Good Monday morning! I am sleepy today — this morning, it’s hard to stay with the writing; I have to keep typing (like I would write it out in the notebook) that once I’m done here, I can go back to sleep if I really want to. Sometimes, that’s what being easy with myself means: giving in, on paper, at least, and in real life sometimes, too.
When I say, be easy with you, I mean, don’t beat yourself up in your heart. I mean, be patient with yourself and your process. I mean, send yourself a little love when you are feeling very hard and sad. I mean, trust the difficult places, the triggers, the shit that comes up. I mean, trust your own process: it’s nobody’s business but yours.
Yes, sometimes, you won’t do everything the way you thought you were supposed to be able to (this looks like my everyday, btw): Be easy with you means, That’s all right. That’s human.
This coming Saturday, April 9, we’ll gather again for Writing the Flood! Want to join us? This time around, we should be meeting in San Francisco (getting that settled up today or tomorrow) — there are a few spaces still available!
We meet early this month because the following week I’m headed down South for the latest incarnation of the Body Heat Queer Femme Porn Tour! I get to join up with Kathleen Delaney, Alex Cafarelli, Gigi Frost, and the Lady Ms. Vagina Jenkins for their amazing performances around queer femme sexuality, identity and desire. Can’t wait!
April is both National Poetry Month and National Sexual Assault Awareness and Prevention month. This morning, I thought, That sounds like writing ourselves whole month.
We here reading and writing, we know that these things go together — the power and necessity of poetry to teach, to explain, to give voice to that which has not yet been spoken or listened to. We know how poetry and other forms of creative writing can heal what we didn’t even know was wounded in us, can teach lessons that don’t get learned any other way, can express what we believed there were no words to express. The delicious joy of listening to/witnessing/reading someone else’s indelible words.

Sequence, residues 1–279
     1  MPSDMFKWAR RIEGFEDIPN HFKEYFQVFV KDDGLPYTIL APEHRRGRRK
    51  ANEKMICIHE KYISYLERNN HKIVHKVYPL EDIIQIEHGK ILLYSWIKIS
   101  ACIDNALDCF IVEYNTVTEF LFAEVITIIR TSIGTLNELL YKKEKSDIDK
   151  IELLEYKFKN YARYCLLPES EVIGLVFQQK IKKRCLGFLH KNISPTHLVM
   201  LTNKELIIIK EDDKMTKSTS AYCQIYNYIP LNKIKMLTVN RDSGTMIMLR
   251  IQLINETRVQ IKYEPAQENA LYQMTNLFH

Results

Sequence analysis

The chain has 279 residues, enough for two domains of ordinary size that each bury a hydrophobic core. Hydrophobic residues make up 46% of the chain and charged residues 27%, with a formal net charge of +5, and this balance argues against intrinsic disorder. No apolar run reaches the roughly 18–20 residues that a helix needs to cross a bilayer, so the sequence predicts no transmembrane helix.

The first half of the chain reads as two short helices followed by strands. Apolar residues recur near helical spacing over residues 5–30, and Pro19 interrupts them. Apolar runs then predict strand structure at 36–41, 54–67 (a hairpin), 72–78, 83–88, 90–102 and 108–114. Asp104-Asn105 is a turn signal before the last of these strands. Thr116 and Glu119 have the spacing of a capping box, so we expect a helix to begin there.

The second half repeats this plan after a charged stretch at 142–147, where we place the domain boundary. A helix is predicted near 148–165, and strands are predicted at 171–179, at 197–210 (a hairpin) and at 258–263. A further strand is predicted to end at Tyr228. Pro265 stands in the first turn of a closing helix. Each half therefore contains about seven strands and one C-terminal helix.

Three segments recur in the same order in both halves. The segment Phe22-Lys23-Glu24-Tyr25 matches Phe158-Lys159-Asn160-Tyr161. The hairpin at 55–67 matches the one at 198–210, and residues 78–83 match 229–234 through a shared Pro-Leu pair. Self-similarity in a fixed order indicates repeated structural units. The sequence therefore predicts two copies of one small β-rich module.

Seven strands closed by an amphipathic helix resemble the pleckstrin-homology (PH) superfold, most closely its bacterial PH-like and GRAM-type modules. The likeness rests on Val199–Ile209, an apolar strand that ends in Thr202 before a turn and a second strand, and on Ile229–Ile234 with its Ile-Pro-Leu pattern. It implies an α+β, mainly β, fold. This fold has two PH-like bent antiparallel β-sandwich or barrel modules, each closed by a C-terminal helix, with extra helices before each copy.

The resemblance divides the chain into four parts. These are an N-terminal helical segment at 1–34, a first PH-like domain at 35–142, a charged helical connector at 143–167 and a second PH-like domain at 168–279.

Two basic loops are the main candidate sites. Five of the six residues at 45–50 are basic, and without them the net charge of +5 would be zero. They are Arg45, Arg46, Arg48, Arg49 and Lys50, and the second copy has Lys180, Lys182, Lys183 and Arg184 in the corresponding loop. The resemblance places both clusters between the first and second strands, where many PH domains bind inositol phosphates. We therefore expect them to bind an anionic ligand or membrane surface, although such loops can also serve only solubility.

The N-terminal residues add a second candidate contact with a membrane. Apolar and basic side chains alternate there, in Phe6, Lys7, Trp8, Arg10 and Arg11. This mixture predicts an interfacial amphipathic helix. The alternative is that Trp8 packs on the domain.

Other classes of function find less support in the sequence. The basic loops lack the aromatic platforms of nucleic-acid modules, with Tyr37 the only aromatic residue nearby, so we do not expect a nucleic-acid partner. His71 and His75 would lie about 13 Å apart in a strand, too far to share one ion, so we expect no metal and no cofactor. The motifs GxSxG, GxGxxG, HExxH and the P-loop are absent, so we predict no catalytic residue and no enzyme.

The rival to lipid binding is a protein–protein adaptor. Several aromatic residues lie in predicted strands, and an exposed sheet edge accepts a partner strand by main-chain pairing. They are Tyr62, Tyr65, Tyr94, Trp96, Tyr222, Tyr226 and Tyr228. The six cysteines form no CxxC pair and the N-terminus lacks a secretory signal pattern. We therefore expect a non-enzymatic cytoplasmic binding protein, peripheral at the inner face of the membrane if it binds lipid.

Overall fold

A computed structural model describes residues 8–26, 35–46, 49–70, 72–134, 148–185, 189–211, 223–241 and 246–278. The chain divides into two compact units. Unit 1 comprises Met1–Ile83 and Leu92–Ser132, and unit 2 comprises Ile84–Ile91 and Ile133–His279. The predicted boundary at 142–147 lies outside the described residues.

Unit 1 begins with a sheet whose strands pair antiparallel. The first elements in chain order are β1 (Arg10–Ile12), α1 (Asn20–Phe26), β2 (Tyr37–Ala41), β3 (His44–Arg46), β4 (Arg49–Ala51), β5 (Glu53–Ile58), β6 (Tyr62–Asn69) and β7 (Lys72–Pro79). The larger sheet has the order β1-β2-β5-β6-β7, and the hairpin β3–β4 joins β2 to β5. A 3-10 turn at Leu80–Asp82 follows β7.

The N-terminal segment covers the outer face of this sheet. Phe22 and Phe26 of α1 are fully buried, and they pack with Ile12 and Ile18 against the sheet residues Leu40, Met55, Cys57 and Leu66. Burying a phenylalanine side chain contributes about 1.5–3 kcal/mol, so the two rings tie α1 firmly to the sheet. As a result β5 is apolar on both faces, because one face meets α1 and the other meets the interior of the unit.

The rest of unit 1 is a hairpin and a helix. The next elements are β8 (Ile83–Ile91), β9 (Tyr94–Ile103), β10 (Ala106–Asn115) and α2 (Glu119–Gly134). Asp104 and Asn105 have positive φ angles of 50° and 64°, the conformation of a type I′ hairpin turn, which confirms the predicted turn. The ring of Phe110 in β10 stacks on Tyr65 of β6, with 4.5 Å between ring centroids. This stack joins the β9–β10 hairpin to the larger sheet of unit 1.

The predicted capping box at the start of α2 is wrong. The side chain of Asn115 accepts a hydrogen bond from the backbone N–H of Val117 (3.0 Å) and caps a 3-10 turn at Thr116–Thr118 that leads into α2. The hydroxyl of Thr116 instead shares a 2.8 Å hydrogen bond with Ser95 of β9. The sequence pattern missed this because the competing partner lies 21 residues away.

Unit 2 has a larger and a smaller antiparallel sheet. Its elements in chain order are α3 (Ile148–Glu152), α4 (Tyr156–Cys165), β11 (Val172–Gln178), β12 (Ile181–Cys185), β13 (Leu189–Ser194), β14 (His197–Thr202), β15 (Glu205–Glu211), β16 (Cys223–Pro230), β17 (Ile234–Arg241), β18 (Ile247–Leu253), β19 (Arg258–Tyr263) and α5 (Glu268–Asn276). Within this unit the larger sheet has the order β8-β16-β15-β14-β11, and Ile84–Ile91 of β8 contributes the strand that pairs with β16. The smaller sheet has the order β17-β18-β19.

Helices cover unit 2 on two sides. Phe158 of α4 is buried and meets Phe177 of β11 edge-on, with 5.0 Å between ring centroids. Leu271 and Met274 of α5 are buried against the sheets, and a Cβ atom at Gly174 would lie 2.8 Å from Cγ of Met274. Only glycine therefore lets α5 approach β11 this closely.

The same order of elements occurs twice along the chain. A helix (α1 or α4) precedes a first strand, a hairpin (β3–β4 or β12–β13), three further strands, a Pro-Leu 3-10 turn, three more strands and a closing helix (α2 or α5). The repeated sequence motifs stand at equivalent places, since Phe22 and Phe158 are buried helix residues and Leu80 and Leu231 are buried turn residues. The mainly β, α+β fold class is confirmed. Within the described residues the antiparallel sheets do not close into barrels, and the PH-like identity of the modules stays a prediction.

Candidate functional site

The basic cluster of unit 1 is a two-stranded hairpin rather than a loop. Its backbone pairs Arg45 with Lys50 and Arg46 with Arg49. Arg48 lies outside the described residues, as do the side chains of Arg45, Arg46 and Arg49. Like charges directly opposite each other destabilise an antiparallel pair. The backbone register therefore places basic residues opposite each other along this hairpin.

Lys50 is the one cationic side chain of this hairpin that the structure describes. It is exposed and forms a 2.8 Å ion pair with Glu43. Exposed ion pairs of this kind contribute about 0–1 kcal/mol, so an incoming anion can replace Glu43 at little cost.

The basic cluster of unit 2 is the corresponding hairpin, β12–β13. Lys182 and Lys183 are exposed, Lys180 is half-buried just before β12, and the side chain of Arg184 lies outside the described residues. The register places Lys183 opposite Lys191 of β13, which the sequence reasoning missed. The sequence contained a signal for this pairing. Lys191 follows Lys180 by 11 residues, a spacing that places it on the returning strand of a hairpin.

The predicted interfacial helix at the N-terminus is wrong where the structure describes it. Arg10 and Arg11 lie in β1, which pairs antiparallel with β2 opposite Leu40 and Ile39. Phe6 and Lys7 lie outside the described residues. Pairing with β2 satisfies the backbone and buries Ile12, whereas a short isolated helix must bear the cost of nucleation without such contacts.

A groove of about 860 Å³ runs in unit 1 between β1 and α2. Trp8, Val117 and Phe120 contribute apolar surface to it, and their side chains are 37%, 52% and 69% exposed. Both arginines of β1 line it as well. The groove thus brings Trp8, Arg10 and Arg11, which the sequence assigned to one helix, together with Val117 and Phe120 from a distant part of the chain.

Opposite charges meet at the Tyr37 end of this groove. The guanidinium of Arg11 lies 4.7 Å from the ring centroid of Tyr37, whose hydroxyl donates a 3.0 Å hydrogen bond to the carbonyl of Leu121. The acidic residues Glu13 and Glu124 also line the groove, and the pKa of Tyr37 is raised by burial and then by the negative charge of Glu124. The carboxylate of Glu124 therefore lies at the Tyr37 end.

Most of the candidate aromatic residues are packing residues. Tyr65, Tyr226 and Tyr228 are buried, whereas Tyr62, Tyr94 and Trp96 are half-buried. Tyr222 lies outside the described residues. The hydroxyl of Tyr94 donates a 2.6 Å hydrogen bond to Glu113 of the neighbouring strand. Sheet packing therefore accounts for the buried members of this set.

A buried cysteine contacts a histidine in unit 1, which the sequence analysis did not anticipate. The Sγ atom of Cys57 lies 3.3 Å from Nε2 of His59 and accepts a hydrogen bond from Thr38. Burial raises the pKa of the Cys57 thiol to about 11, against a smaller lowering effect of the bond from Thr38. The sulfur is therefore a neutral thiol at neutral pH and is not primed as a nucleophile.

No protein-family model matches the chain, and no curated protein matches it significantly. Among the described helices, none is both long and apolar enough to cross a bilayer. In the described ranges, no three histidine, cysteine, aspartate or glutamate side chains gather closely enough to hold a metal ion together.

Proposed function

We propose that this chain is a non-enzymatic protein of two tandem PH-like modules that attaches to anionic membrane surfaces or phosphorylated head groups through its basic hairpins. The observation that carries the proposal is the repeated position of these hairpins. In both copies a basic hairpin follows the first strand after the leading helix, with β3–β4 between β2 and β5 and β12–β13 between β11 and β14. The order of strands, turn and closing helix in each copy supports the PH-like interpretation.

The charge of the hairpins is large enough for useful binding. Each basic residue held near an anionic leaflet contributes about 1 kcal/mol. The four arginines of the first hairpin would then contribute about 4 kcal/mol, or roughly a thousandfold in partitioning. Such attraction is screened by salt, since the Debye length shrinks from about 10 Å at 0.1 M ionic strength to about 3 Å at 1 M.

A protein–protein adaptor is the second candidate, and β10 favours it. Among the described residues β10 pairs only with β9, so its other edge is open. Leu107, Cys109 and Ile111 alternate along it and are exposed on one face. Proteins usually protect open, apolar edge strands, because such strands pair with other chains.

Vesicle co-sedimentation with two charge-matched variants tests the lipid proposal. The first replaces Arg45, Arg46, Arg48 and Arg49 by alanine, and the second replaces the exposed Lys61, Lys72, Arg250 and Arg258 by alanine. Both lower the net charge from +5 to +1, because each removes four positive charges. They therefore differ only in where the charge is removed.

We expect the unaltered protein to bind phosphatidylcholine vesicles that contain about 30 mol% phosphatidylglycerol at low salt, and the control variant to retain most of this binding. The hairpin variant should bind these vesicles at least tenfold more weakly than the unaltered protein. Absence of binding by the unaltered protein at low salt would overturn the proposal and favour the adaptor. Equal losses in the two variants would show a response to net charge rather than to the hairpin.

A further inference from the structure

Writing poetry or otherwise creatively can be, simultaneously, a tremendous form of self care and a liberatory social change practice.
And writing can be a way of knowing, a way of engaging with what we might know, or could know — and that can be especially useful for trauma survivors, for whom memory can be like a half-rotted film strip, with much of the imagery lost or fragmented, but here and there, a clear sharp sound, that bright flash that means everything.
I found this on twitter this morning: Plato said, “Poetry is nearer to vital truth than history.” What about that?
I have these two (other) delightful quotes this morning, from a handout that John Fox gave out at the Healing Art of Writing conference last summer:
“When we are not sure, we are alive.” — Graham Greene
“I have faith in all those things that are not yet said.” – Rainer Maria Rilke
I wonder about letting those be a writing prompt this morning — just be with each of these statements, and notice what begins to bubble up around them in your writer’s brain. Take out your notebook or open a new document on the screen and let yourself write for 10 minutes: what do these mean for you and/or your characters? (If you find yourself stuck, you might write about what you have faith in, or when you know you’re alive, or what happens when you’re not sure, or what hasn’t yet been said… )
Thank you thank you thank you thank you thank you.